THE FOREST (2015)
Being gift-wrapped with a disturbing true-life backstory, you’d think director Jason Zada would have had a walk in the proverbial park making a creepy horror flick out of this but…no. Story takes place in Japan’s Aokigahara forest, which is a dense wooded area around the legendary Mount Fuji and is not only renown for being inhabited by spirits, but for an alarming phenomena of suicides being committed inside it. Our tale focuses on pretty Sara Price (Game Of Thrones’ Natalie Dormer) who travels to Japan upon finding out her twin sister Jess (also Dormer) has gone into that forest and disappeared. As she searches for her sibling, Sara soon finds the legends of this place may not be mere legend.
Zada and the three script writers responsible couldn’t have had a better backstory to springboard their horror, but instead deliver a generic, by-the-numbers and dull movie with the same tired jump scares and dreary phantoms that every generic PG-13 supernatural thriller is throwing at us. You’d probably get more chills watching an actual documentary about the place than watching this lazy movie. Dormer is pretty and starts out effective, but even she seems to get bored as her performance falls into a one note groove and she stays there till the end. The cinematography by Mattias Troelstrup of the Japanese countryside is quite beautiful, but otherwise we get the same tired clichés about a foreigner in a strange land, such as Sara just happening to run into a handsome American (Taylor Kinney) working there and just happening to conveniently always meet Japanese folk that speak english. Considering the true events it’s based on, how they turned this into such a snoozer is a mystery.
BLACK MOUNTAIN SIDE (2014)
Written and directed by Nick Szostakiwskyj, this is part a noble effort and part a movie with a severe case of John Carpenter’s The Thing envy. The story has an archeological dig unearthing a temple-like structure deep in the Canadian wilderness. Soon after they discover it, strange things start to occur, such as their native workers just walking off into the wilderness in the sub-zero cold and some of their own getting unusually sick with increasing aggressive behavior. They lose contact with their home base and now are stranded with supplies running low and tensions running high. Have these men unearthed something that should have stayed buried?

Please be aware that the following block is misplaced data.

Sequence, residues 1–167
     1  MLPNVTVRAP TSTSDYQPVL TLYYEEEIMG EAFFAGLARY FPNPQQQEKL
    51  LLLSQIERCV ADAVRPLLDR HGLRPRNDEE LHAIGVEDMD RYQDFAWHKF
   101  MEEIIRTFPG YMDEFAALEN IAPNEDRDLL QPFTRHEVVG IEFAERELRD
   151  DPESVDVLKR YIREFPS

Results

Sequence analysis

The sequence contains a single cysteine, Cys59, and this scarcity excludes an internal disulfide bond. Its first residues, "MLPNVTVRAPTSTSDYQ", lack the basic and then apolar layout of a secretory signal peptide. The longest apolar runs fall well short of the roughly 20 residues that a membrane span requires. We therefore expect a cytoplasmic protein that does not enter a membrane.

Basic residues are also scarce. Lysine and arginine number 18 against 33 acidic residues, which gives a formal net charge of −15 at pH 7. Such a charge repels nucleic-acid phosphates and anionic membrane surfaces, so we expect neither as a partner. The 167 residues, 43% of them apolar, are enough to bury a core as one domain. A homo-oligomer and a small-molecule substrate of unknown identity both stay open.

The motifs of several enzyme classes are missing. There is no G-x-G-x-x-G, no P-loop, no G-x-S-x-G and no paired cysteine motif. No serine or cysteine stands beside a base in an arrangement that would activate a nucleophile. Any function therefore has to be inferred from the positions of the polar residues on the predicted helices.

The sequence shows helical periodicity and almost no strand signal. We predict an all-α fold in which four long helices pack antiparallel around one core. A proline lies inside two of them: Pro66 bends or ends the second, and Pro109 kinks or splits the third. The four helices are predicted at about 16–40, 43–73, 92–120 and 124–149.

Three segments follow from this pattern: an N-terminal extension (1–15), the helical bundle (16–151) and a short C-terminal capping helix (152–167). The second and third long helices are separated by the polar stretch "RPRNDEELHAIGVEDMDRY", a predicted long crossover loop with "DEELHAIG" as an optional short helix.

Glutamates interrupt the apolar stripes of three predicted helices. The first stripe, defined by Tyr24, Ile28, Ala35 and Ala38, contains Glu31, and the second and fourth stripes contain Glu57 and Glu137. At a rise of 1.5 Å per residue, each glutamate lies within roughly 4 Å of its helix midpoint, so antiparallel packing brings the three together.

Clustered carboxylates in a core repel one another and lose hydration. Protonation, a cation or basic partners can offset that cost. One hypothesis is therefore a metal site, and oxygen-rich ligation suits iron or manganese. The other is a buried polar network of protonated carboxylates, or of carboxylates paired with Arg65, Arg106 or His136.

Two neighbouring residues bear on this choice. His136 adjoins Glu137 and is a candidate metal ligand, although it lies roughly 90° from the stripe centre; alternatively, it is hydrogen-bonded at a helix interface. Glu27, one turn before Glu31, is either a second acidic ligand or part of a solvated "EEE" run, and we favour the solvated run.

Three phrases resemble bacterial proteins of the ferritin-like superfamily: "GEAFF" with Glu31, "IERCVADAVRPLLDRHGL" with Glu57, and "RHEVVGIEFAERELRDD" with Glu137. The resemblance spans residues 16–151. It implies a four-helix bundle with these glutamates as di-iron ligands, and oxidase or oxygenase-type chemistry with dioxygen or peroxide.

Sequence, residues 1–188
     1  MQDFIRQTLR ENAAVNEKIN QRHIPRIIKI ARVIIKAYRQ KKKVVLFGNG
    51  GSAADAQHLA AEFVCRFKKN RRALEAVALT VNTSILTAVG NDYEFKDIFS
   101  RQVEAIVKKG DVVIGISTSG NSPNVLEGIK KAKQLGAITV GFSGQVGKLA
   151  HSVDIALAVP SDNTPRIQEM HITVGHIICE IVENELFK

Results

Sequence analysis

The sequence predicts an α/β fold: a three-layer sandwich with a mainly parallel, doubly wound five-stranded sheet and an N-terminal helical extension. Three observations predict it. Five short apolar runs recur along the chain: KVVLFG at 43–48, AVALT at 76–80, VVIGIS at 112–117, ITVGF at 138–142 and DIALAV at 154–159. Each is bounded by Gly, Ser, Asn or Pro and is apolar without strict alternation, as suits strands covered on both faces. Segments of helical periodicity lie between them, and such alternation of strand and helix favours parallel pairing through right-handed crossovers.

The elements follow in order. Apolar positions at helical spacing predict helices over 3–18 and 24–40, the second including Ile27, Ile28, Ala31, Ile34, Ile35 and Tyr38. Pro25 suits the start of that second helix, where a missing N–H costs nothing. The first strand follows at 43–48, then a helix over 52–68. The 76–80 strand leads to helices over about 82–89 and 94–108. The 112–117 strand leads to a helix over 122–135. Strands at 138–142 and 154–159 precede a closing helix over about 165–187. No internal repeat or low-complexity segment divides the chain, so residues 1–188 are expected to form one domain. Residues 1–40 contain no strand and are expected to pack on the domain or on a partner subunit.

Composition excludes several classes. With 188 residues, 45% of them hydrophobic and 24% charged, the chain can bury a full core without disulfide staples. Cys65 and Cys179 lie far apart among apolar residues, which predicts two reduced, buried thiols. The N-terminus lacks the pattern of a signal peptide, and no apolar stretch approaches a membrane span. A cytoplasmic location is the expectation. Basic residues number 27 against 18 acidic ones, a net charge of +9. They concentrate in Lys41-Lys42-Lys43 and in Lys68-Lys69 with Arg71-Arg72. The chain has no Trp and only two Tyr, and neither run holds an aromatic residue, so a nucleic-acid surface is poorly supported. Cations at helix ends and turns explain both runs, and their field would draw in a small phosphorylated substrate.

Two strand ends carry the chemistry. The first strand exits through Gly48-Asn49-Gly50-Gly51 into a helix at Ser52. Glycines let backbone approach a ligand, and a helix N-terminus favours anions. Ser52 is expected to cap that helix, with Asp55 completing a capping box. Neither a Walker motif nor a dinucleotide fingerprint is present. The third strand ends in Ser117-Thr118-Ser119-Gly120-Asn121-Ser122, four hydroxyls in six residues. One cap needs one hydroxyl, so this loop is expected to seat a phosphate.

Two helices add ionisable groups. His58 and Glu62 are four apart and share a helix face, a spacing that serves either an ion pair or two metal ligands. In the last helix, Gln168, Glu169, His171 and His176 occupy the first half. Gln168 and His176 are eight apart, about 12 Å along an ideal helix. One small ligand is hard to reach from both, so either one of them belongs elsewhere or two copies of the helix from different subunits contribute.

As much as the flick tries to do it’s own thing, it’s Carpenter’s Thing that the film keeps evoking and imitating down to replaying certain scenes like autopsies and pointing guns at each other. Szostakiwskyj gives us some archeological babble mixed in with a possible malevolent spirit-god, but can’t let himself stray too far from Carpenter’s classic by also including an unnecessary ancient bacteria that takes over a person’s cells and changes them. The explanation of this sickness is very unintentionally funny, as is the upright stuffed deer used to represent this malevolent animal spirit that may, or may not, be a figment of the men’s imaginations. There seemed to be a sincere effort here to do something interesting, but Nick Szostakiwskyj never strays too far from his influences or properly fleshes out his own ideas. On a technical lever it’s photographed well, but the pacing is really slow, the editing is choppy and the acting wooden across the board. It’s obviously low budget, as even it’s attempt to replay The Thing‘s dynamite filled climax is done off camera, so no sets have to be demolished. Disappointing considering some positive word floating around out there.